What is the war on credit cards?
Since the first modern credit card was issued, believed to be the Diner’s Club card back in 1950, payment with plastic has been a cornerstone of the global economy. In 2019, there were an estimated 22.8 billion credit and debit cards in global circulation – roughly three for each global citizen – while the pandemic encouraged people to favour card payments over cash.
However, certain disadvantages to using credit cards have led to some companies and governments restricting their use. Amazon became the latest major entity to do so recently, removing the Visa card option from its accepted payment methods for UK customers. The change will apply from January 2022 and could affect millions of Amazon customers.
Their reason was the high transaction fees that Visa charges, but it seems to be part of a growing trend against the bits of plastic that sometimes come with added costs.
The pandemic might have caused people to prefer the sanitary option of cards over cash, but it also brought other changes in behaviour. Online gambling rose dramatically as people spent long periods of time at home, often alone, and looked for different ways to entertain themselves.
Governments with well-regulated gambling markets decided to act after reports suggested problem gambling issues increased as a result. In April 2020, the UK banned the use of credit cards on betting sites, amid fears that gamblers would fall into debt. The UK’s regulatory body, the Gambling Commission (GC) said it would provide extra protection for vulnerable gamblers.
Other countries have been inspired to follow suit. Germany now bans the use of Mastercard and Visa credit cards in online casinos, while Spain announced an intention to do the same as part of a raft of new gambling restrictions.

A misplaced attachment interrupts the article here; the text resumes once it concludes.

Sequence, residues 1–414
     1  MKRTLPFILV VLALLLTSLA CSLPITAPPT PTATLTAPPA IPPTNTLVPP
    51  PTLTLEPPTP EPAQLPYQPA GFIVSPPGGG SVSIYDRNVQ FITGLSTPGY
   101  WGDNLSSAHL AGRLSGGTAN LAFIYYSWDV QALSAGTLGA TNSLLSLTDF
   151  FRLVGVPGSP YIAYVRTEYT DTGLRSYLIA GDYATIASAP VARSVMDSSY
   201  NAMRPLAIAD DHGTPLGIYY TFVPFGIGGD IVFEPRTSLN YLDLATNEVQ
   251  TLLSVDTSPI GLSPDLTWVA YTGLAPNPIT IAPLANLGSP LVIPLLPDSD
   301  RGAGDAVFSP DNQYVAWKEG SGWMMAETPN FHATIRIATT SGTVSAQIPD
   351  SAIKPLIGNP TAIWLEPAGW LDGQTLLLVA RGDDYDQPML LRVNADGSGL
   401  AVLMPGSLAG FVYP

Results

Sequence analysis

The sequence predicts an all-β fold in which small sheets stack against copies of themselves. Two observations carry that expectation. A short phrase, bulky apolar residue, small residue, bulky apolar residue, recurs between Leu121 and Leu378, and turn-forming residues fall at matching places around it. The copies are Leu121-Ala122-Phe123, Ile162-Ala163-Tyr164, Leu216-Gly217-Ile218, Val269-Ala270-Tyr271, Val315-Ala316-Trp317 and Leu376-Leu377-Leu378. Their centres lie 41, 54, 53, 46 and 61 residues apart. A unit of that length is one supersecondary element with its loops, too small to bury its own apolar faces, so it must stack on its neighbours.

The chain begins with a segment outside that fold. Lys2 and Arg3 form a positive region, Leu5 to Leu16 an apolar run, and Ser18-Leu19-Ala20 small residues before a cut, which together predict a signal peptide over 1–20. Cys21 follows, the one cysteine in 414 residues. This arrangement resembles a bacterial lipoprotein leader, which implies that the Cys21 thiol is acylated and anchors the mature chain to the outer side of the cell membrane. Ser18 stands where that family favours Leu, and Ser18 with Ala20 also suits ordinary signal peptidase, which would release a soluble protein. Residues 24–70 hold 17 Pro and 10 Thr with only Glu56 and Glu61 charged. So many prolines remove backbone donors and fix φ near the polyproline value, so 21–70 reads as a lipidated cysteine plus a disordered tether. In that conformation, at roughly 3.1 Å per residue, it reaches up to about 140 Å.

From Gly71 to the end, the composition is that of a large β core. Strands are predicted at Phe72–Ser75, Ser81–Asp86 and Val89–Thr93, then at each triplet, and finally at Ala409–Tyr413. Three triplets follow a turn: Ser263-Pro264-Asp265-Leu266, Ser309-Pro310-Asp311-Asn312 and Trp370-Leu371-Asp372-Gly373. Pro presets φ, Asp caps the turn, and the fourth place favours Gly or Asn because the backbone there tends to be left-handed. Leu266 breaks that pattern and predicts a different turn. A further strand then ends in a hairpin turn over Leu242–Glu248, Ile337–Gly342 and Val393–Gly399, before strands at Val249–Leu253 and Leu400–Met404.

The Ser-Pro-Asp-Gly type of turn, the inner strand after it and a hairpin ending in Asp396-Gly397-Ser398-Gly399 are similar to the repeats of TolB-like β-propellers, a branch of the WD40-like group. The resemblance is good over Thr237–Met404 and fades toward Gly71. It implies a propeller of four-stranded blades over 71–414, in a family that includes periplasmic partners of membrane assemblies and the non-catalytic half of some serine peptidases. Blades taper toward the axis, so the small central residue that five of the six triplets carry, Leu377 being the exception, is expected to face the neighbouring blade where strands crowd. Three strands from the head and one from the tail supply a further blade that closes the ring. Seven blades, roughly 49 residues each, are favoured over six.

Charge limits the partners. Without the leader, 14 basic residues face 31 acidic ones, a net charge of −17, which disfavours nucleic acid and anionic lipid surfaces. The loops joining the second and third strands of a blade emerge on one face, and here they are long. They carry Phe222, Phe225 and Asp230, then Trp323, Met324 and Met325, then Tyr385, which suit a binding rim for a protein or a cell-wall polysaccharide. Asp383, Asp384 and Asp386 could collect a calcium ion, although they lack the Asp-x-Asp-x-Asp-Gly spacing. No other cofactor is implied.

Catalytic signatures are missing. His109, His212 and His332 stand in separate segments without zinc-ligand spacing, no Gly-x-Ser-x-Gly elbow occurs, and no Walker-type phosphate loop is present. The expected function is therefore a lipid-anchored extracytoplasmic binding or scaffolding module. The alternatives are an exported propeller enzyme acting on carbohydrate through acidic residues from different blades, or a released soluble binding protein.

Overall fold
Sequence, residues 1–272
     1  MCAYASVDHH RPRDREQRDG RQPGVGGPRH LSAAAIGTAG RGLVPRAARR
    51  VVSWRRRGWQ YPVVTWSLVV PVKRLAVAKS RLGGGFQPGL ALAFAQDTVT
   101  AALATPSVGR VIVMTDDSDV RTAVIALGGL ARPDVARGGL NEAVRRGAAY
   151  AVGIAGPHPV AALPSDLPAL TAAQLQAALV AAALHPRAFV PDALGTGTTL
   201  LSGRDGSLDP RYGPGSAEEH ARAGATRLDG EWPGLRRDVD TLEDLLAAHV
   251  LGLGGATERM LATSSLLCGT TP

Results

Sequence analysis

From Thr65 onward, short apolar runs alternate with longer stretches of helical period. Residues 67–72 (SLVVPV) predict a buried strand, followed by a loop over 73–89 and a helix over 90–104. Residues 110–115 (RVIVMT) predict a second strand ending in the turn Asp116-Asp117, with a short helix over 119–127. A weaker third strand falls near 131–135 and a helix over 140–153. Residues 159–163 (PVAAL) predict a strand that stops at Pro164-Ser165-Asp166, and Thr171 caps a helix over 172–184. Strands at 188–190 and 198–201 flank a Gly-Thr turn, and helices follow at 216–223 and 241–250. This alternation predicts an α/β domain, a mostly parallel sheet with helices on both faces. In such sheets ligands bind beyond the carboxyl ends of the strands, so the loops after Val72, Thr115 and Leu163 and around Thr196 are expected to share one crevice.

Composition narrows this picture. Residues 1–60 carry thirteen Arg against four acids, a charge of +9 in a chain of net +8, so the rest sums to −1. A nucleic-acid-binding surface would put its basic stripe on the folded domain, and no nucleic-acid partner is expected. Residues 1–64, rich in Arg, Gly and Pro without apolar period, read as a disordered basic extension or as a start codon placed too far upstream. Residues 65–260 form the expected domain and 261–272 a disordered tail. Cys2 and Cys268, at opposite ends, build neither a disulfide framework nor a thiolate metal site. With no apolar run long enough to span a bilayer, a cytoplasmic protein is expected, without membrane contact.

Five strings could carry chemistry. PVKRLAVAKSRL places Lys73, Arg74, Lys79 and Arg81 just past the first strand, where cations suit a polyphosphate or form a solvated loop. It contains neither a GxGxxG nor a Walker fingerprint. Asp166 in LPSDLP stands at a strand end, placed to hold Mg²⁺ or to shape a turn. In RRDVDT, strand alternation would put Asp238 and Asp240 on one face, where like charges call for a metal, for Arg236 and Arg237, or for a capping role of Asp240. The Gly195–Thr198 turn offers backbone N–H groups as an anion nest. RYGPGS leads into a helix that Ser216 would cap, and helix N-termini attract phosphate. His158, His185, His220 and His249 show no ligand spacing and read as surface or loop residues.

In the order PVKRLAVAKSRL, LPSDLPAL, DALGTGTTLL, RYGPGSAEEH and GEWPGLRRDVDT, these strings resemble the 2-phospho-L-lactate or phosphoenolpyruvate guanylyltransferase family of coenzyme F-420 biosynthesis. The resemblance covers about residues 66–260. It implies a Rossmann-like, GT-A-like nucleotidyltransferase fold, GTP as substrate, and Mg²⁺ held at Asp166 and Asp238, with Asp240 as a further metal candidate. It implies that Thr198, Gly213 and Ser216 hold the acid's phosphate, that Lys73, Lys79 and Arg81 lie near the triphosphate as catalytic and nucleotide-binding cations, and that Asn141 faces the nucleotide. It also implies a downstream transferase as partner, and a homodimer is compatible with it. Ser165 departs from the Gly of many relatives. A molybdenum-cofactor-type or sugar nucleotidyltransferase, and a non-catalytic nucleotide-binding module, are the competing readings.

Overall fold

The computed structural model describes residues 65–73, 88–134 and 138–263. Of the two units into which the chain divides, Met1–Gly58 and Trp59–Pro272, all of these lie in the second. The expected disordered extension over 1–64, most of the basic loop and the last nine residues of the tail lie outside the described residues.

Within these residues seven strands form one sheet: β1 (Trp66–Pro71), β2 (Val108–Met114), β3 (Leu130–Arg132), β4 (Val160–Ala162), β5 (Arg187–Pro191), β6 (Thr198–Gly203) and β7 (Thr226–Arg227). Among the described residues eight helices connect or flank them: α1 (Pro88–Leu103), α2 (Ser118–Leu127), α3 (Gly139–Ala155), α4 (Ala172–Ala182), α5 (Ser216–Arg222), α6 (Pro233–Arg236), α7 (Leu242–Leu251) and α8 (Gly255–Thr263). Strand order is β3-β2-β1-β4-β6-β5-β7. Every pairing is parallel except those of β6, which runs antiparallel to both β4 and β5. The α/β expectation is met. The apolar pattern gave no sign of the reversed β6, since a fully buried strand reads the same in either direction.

It’s a trend that may continue, with problem gambling awareness now a part of many governments’ policies, especially in countries with well-regulated gambling industries.
Amazon and other major companies
While governments are concerned by the social problem of betting addiction, companies are motivated by other credit card concerns – finance. Amazon decided to drop payments from Visa cards in the UK because of the high ‘interchange fees’ there – the levies that Visa charges to a seller’s bank for each transaction.
Before Brexit, European law capped these fees at 0.3%. However, since the UK left the EU, Visa has increased that to 1.5%, hurting companies selling on Amazon. Visa also hiked up the same fee on e-commerce sites, so it didn’t just target Amazon.
Amazon took decisive action, but the curious thing is that Mastercard raised its fees to 1.5%, too, yet hasn’t been blocked. It could be a strategic move by Amazon: they have targeted Visa in Singapore and Asia by adding a 0.5% surcharge on all their transactions earlier this year. It might be that they have decided to target one company instead of a whole industry.
Either way, a war of words has since erupted between the two commercial giants. Amazon-branded the costs ‘an obstacle’ for businesses in providing the best prices for customers, while Visa responded by saying Amazon was ‘threatening consumer choice’.
It’s a bold move for Amazon to take on a major provider like Visa, but then it is now the biggest online retailer in the world. Whether less powerful companies will take on Visa over their fees is doubtful, but it’s a warning shot to credit card companies who decide to hike up their costs.
How will it affect credit card use in the long term?
Credit cards are a central part of most payment providers’ product range. Upon Amazon announcing the UK ban, Visa’s share price dropped by 4.7% on the New York Stock Exchange, and Visa’s evident anger at the move shows how important the cards are to them.
However, credit card use is unlikely to be affected too much in the future. Visa will probably negotiate an agreement with Amazon before the retailer takes action in other countries as the fees they earn are an important part of their operations. Also, other major providers like Amex and Mastercard remain unaffected by the changes.
Government action in gambling, too, is unlikely to impact general card use: they are used in a wide range of industries and can help to build a positive credit score if used sensibly by cardholders.
So, if you, like some people, would like to see the end of the flexible bits of plastic, then you might be disappointed. Credit cards look like they’re here to stay, with or without the support of Amazon.